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“I think Unitrin was wrongly decided”February 18, 2022

American Tr. Ins. Co. v Acosta, 2022 NY Slip Op 01097 (1st Dept. 2022)

(Concurrence)

“Insofar as the majority opinion is premised on our precedent in Unitrin Advantage Ins. Co. v Bayshore Physical Therapy, PLLC (82 AD3d 559, 560 [1st Dept 2011], lv denied 17 NY3d 705 [2011]), I am constrained to concur; however, I favor the reasoning of our sister departments that the failure to appear for a medical examination (ME) constitutes a breach of policy term and not a failure of condition precedent that would entitle the insurer to void the policy ab initio. The defense of failure to appear for an ME is more akin to a policy exclusion than a lack of coverage in the first instance such as where the policy had terminated prior to the accident or the injuries were not caused by the covered accident (see e.g. Nationwide Affinity Ins. Co. of Am. v Jamaica Wellness Med., P.C., 167 AD3d 192 [4th Dept 2018]).”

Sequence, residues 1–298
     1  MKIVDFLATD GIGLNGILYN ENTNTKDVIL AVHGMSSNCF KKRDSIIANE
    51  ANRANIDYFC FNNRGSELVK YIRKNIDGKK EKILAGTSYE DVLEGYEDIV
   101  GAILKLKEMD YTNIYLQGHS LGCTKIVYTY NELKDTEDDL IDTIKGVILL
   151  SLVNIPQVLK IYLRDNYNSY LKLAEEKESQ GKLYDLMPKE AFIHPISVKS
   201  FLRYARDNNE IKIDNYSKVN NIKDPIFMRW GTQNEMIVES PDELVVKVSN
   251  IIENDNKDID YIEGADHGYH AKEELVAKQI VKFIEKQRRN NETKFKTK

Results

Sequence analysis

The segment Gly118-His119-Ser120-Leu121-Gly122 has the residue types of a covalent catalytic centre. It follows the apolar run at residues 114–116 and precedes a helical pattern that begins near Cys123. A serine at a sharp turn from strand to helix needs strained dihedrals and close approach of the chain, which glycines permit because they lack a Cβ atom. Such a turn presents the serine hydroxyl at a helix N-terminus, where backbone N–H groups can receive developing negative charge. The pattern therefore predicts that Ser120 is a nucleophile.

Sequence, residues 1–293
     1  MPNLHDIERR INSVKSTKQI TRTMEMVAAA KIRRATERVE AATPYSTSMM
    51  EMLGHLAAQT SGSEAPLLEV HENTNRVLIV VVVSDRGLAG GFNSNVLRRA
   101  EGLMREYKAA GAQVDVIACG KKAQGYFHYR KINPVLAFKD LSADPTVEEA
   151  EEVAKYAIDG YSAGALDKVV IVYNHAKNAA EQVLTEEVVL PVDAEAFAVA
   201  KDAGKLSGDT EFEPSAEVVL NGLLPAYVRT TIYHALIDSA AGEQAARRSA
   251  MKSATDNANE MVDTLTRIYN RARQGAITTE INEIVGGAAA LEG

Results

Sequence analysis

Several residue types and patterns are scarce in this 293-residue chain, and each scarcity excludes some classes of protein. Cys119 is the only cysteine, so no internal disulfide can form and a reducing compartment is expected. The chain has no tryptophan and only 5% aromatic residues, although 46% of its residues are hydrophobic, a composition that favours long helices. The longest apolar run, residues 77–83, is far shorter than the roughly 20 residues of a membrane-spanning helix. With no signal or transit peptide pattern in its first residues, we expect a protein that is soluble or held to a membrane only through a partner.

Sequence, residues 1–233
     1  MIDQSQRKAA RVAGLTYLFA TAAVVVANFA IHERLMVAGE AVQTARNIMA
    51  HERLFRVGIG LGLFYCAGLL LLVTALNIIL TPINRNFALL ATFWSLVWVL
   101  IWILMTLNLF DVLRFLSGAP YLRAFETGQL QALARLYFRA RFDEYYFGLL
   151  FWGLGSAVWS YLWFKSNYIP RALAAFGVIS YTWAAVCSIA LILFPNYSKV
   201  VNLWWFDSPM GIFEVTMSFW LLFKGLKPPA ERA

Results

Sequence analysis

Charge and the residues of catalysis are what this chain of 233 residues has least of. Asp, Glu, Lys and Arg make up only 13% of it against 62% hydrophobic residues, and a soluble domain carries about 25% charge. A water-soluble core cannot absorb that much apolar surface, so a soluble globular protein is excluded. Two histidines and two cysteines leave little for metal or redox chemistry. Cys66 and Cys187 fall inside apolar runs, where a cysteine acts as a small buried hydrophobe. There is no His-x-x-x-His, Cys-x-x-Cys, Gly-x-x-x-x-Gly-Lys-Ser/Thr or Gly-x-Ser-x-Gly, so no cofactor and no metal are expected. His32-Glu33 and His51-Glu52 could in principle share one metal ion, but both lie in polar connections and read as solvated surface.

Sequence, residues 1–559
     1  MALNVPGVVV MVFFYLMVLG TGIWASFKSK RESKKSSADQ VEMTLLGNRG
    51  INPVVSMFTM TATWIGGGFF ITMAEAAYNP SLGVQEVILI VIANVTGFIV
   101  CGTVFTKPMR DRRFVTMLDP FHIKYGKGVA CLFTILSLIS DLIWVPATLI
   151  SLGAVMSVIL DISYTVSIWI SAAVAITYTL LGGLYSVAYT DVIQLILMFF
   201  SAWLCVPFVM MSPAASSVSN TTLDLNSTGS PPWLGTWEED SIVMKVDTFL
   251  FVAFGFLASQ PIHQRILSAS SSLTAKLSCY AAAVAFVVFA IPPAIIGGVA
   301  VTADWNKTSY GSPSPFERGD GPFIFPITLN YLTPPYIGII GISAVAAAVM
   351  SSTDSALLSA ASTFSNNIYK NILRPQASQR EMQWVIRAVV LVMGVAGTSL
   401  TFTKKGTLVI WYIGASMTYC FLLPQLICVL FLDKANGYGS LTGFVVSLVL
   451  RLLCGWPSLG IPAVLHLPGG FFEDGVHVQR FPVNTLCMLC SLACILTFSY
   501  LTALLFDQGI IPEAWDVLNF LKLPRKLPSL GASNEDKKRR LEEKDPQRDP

When carriers continuously throw garbage into the system and fail to oppose an appeal, this is the outcome. The majority opinion said

“defendants argued in opposition to the summary judgment motion, because it is impossible to discern from the record whether plaintiff complied with the requisite time frames requiring it to request MEs within 15 days of receiving defendants’ claims and scheduling the MEs within 30 days of receiving their claims (11 NYCRR 65-3.5[b],[d] ), plaintiff failed to establish its prima facie entitlement to summary judgment (Longevity Med. Supply, 131 AD3d at 841-842;)”

Well, well, well…